This progressive view has also come to permeate many other aspects of social life including friendships. I know people who cannot or will not tell their friends when they do something wrong. Humans still fundamentally strive for truth, which manifests itself in the discontent this causes. Those who cannot speak their views for the sake of not being confrontational are deluding themselves to place the feelings of another individual above absolute truth. Rather than a friend serving to elevate their friends to be better, they merely reaffirm their friends’ choices. The role of a friend is to share the truth even when it is difficult. But, when the truth is relative, inoffensiveness becomes the norm in society. This also becomes a guiding principle in our relationships. Some people I know are completely unwilling to critique their friends because it would be “awkward” or “uncomfortable.” I am not comfortable with the truth being cast aside and replaced by the convenient! I certainly do not want others merely to accept me as I am but rather to help me become the best I can be. Relationships should consist of people who can help alleviate the flaws of others rather than just reassuring other people that they way they live is okay. It may not be okay, and my job is to tell others when they are doing something wrong morally or otherwise. Our reason must always outweigh our feelings or else the world will veer toward extreme individualism and self-government will be replaced by entitlement.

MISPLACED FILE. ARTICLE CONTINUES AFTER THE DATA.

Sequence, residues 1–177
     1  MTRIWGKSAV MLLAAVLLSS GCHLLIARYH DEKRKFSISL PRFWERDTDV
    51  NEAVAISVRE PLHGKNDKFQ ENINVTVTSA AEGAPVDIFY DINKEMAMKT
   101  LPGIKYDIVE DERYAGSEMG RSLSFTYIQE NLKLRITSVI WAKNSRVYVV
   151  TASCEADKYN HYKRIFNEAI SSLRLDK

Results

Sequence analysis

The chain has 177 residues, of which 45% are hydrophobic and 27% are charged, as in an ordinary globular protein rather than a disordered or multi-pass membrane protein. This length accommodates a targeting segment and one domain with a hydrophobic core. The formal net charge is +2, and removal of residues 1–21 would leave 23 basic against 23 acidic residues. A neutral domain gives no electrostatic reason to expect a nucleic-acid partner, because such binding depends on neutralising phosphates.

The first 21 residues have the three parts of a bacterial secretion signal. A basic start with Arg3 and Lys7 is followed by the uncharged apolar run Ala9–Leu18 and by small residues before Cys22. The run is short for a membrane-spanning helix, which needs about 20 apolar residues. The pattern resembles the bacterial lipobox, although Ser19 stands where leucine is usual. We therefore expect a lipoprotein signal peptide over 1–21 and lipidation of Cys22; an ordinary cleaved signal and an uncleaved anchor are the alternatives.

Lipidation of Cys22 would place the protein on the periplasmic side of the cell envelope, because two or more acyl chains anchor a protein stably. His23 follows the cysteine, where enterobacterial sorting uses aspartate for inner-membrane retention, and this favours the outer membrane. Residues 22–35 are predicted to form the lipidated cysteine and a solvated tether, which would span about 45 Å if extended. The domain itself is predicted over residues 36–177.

During the ending credits of the episode, Seinfeld says, “I am not gay. I am, however, thin, single, and neat.” The fact that the audience understood this to be a joke about his own refined manner in comparison with that of a gay man is indicative of commonly held views of how straight men live their lives. The same folks who would critique the behavior of Jerry and George in their denial of being gay would also have understood the humor. The fact that Jerry and George have to say “not that there’s anything wrong with that” demonstrates that there is something uncomfortable about being presumed gay. This should not be necessary. They should be able to state a fact about themselves without being viewed as intolerant. The issue with the modern view of toleration is that not only do you have to allow others to practice their ways of life, but you must also accept them as correct – and you will be viewed negatively if you do not. Society has veered so far into absolute individualism that it has affected how we view truth and even has changed what we deem natural. “It’s 2017, we have moved on.” Moved on from what? The truth is the truth no matter when you were born or where you live. There may be something wrong with whatever “that” is in any given circumstance and that discussion of what is true is what should be tolerated. I initially considered the progressive view of morality to be that there is no morality. They, however, actually do have a view that they are right and the traditional view is wrong. The conservative is holding on to antiquated ideas and is unreasonable – which is ironic given that the conservative would make a reasoned argument while the progressive view is based on feelings and fallacies.